Artist: Jay Chung and Q Takeki Maeda
Venue: Statements, Tokyo
Exhibition Title: #8
Date: May 13 – June 11, 2017
Full gallery of images, press release and link available after the jump.
Images courtesy of Statements, Tokyo
Jay Chung & Q Takeki Maeda live and work in Berlin and have collaborated for over ten years, having met at the Frankfurt Städelschule in 2002. In Japan, they are known for their first artists book “Hans Ulrich Obrist Interviews Volume 1,” (Walther König / 2010), a Japanese translation of the interviews, and for their participation in “Roppongi Crossing 2016” (Mori Art Museum, Tokyo / 2016). Their work critically and self-reflexively explores the institutional and social milieu of art, often setting forth with irony and humor the peripheral stories surrounding its making and dissemination.
In 1963, Teruo Nishiyama visited the 15th Yomiuri Independent exhibition with his best friend. He was deeply impressed by the show, and began thereafter to attend, on his own, performances and exhibitions of avant-garde art, including those by the Neo-Dada Organizers and Tokyo Fluxus. Nishiyama became an avid fan of the Japanese avant-garde; despite not having personal contacts in the art world, he witnessed many of the emerging radical art events of the time. He also meticulously documented everything he saw in photographs and copious written notes, as well as by collecting ephemera. When Nishiyama’s career took him from Tokyo to Okayama, he preserved the material he had assembled over the course of two years in a scrapbook album. Today, this documentation, which Nishiyama made for purely personal reasons, has become an unlikely source of information for art historians, insofar as it is, in some cases, the only remaining record of historically significant events.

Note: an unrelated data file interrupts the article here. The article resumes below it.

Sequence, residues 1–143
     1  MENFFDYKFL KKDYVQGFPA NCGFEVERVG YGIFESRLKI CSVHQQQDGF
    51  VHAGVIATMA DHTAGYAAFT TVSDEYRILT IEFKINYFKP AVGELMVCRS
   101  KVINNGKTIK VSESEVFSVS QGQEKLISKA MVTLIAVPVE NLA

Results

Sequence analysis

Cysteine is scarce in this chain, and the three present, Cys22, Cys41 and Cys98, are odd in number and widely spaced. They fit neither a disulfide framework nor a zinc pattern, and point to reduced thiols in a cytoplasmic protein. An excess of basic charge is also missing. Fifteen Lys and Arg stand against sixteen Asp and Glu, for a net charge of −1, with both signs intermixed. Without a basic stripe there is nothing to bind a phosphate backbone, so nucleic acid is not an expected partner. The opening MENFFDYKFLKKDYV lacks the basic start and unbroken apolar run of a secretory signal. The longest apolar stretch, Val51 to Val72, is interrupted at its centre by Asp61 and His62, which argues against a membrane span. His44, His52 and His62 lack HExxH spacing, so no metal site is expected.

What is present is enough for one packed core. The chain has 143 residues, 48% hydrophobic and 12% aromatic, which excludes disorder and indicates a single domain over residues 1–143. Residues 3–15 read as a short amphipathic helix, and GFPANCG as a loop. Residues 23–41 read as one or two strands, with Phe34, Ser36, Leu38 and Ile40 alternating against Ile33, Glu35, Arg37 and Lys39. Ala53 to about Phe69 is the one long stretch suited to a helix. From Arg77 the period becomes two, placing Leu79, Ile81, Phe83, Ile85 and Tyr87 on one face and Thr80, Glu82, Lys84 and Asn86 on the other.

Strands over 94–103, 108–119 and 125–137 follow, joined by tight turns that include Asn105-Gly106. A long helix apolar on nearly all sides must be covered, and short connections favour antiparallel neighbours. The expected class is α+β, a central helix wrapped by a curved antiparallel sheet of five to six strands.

Last year, Chung and Maeda came across the scrapbook at the Keio University Art Center, where it had been temporarily stored at Nishiyama’s request. Chung and Maeda selected and reprinted 10 photographs from the book, presenting them as “Untitled” (2016) in “Roppongi Crossing.” For the occasion of their exhibition at statements, the artists have edited a complete facsimile edition of the original scrapbook, which they present here alongside two related collage works.
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